I literally cannot tell you how many hours of video study I have on college-to-NFL QBs over the past 5-7 years, along with the sheer amount of NFL games I’ve watched live and then re-watched. I wouldn’t be surprised if God had a counter, and announced that I had logged the most video time of any human on Earth. I say that as a precursor to say, “Winston’s preseason work is probably as ‘bad’ as I have seen from a (media) highly rated, young QB.” I thought he would be sloppy right away, but I could have never imagined it was this bad—that our computer models were this ‘right’ about him.

You expect ‘rookie mistakes’ in the preseason from rookie QBs. You expect a timing throw to be made without looking, and a DB jumps the route. You expect a throw into coverage that ‘they wish they had back’. I’m not coming at this with lofty standards. I mean to proclaim, Jameis Winston is making throws that bad, never-to-play-in-the-NFL, college QBs make. Throws 10 feet over the head of the targets, or five-yards behind them, or throws without ever changing his stare down of a receiver and just throwing into a crowd. It is breathtakingly bad.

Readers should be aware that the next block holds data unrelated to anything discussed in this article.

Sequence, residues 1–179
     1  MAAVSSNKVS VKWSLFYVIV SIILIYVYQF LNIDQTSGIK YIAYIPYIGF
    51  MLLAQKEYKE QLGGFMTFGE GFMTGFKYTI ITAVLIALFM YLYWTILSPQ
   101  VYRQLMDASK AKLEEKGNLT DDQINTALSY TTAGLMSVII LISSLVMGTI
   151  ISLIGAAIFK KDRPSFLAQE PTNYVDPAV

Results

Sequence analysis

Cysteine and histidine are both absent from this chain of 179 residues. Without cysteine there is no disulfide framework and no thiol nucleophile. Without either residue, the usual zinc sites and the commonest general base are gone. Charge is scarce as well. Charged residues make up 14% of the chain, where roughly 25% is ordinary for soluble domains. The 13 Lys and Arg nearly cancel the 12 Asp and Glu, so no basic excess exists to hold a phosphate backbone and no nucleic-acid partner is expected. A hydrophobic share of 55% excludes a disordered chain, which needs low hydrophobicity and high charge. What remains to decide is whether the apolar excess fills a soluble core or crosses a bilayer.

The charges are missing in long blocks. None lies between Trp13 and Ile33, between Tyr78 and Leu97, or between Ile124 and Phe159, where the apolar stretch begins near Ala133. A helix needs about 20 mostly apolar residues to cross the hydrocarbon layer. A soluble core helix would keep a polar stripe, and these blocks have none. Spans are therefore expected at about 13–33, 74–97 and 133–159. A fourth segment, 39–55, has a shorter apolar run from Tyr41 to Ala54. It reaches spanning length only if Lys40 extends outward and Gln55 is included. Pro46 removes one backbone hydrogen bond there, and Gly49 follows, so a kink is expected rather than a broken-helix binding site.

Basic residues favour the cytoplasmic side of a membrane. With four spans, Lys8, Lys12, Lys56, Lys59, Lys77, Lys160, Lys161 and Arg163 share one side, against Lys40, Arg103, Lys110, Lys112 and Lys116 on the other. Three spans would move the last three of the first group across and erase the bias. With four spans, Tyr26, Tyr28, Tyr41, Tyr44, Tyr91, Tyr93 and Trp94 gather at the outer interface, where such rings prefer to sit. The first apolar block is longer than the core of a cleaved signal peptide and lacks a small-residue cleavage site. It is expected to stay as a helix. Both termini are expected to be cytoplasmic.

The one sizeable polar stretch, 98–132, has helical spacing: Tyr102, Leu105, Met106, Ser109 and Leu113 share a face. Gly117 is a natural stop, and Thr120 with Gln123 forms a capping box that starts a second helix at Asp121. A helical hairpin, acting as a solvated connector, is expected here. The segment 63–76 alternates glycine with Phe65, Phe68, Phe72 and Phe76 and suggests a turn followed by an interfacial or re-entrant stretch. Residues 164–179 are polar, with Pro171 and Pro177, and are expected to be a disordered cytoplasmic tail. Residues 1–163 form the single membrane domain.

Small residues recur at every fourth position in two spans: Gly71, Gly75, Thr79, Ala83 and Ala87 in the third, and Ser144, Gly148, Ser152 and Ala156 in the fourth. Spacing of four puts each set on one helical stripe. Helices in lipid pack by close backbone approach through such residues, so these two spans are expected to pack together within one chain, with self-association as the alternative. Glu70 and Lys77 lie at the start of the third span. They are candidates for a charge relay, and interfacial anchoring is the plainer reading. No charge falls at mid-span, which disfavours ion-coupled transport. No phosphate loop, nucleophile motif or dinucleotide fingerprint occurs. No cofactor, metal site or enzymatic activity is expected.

Winston makes throws that are so bad, that the announcers have to pause to come up with a plausible cover up/excuse. He made a throw so bad in this game that the defense was taken aback—they weren’t prepared for had sad the throw was. His passes are so aimless and desperate, and ill-conceived, that I like to think the other teams kinda feel sorry for him—like ‘they know’ what their witnessing, and they can see the fear and struggle in his eyes and body language…and ‘they know’.